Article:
As for me, I'm a moderate. I'm worried about global warming, and I actually think there's a lot that we could do within the current system to reduce CO2 emissions via taxes on greenhouse gases and direct investment in green technology. Unfortunately, the debate has been hijacked by radicals on both sides, and we've found ourselves in the current situation where it seems impossible to get anything done at all.


Last edited by gregrah on Thu Nov 17, 2011 2:24 am, edited 1 time in total.

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 Post subject: Re: Naomi Klein: Capitalism vs. the Climate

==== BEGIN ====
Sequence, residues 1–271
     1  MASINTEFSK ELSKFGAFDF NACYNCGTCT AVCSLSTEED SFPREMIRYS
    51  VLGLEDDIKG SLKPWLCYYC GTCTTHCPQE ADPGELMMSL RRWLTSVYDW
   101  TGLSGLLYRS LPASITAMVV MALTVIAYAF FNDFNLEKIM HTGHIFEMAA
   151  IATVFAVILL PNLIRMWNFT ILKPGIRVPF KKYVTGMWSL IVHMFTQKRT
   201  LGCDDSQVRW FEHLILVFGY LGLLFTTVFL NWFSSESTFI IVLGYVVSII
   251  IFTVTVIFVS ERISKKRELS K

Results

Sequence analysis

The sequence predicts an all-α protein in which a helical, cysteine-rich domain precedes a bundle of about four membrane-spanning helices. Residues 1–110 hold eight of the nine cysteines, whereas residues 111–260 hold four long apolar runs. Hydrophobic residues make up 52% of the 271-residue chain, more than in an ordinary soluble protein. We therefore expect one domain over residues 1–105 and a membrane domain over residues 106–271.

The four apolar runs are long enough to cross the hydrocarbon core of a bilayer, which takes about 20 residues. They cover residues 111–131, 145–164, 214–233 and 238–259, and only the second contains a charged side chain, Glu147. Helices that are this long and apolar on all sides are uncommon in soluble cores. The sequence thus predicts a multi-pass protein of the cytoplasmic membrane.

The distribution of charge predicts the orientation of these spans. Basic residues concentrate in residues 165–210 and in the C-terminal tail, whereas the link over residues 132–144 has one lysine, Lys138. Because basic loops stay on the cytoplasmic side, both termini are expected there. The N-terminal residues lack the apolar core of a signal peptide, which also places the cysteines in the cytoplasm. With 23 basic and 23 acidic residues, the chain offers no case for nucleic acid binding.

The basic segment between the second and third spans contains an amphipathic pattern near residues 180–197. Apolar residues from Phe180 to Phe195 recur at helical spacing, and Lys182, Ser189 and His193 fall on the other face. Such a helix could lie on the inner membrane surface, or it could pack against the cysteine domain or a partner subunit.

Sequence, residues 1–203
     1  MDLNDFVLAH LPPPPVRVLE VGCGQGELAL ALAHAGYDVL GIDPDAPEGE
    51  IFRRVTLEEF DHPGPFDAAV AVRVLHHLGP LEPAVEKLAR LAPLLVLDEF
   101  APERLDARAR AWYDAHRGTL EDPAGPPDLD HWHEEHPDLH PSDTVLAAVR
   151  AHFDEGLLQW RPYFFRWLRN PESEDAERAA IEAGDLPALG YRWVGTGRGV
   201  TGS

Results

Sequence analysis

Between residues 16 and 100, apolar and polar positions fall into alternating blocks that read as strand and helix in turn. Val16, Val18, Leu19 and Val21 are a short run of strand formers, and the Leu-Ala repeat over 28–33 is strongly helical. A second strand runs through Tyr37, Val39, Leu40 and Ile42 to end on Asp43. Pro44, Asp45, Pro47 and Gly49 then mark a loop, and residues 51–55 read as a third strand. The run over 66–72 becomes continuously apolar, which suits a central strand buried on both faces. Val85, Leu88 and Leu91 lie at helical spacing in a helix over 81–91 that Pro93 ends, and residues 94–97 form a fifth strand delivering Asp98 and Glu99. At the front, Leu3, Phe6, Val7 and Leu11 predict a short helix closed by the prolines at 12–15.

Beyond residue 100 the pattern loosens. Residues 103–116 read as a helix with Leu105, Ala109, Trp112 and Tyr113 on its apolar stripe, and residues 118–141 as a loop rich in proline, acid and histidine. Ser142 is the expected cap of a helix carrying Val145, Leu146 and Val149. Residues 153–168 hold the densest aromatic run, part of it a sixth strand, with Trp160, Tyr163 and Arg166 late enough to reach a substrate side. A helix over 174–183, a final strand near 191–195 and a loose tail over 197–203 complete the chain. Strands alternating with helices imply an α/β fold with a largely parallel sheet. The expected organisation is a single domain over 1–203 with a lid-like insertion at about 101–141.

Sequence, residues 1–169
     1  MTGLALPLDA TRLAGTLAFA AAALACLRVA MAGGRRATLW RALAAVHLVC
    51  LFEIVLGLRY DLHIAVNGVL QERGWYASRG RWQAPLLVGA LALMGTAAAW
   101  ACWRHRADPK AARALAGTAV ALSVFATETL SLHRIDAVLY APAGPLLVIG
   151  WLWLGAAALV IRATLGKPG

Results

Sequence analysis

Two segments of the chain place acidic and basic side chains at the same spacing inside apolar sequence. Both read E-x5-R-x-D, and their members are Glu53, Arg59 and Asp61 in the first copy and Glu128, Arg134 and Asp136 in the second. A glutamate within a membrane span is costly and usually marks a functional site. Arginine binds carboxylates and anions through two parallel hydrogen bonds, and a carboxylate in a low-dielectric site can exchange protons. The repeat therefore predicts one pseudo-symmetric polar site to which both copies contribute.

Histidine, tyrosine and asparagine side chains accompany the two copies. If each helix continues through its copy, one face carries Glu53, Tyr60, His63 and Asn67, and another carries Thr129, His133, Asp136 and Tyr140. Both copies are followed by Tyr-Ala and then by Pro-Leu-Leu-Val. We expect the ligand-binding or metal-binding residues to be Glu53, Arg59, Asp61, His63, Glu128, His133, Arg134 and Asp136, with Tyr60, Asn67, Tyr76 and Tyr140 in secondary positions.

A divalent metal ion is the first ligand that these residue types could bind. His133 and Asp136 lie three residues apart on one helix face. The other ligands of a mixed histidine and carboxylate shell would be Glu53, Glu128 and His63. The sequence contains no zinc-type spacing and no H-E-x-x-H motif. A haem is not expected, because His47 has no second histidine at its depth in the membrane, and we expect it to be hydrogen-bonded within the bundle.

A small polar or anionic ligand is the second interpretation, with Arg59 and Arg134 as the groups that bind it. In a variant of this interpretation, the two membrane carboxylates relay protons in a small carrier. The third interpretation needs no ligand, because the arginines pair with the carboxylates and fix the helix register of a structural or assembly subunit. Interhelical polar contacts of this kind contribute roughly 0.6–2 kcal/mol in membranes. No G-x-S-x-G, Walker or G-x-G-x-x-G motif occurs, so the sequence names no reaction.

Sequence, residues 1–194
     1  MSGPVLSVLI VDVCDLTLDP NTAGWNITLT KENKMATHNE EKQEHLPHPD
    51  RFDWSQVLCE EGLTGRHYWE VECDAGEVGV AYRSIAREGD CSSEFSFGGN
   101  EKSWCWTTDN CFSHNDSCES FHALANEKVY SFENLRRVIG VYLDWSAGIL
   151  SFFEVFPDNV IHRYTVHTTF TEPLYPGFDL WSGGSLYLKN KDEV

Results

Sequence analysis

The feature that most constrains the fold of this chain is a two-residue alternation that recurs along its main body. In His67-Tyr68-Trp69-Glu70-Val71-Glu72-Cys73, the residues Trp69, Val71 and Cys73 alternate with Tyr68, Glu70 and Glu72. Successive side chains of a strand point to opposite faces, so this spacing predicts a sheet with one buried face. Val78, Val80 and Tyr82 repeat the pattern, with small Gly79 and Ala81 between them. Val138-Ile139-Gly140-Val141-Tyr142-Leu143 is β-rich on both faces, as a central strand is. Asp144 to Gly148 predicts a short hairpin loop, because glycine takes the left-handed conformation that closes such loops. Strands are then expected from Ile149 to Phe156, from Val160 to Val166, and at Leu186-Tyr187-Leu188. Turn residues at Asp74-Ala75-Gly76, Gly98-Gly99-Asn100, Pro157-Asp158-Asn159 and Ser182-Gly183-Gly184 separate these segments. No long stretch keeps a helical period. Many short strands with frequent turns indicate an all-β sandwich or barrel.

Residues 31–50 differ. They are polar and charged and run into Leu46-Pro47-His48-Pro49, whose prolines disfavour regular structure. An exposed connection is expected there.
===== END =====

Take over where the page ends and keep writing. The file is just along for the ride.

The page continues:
PostPosted: Thu Nov 17, 2011 2:20 am 
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Haven't read the piece, Neil, tho I plan to, have a great deal of respect for Ms Klein's work.

But I did want to mention a writer I stumbled across recently. Gwynne Dyer, a Canadian journalist/writer living in Britain, seems to have ignored climate change till quite recently, then got interested in looking at it because he discovered through a chance meeting w/ an old Pentagon contact that the US military was busy envisaging new roles for itself as climate change occurs this century, starting right now. He spent a couple years floating about the world, interviewing military personnel and spooks, and climate scientists, and discovered that every major military force was involved in similar projections pertinent to their own country's situation in coming years.

His book, Climate Wars, was published ~2 yrs ago. I'm in the middle of it now. Anyone else read this? Really well worth it, even if you think of it only as entertainment, a disaster/adventure potboiler.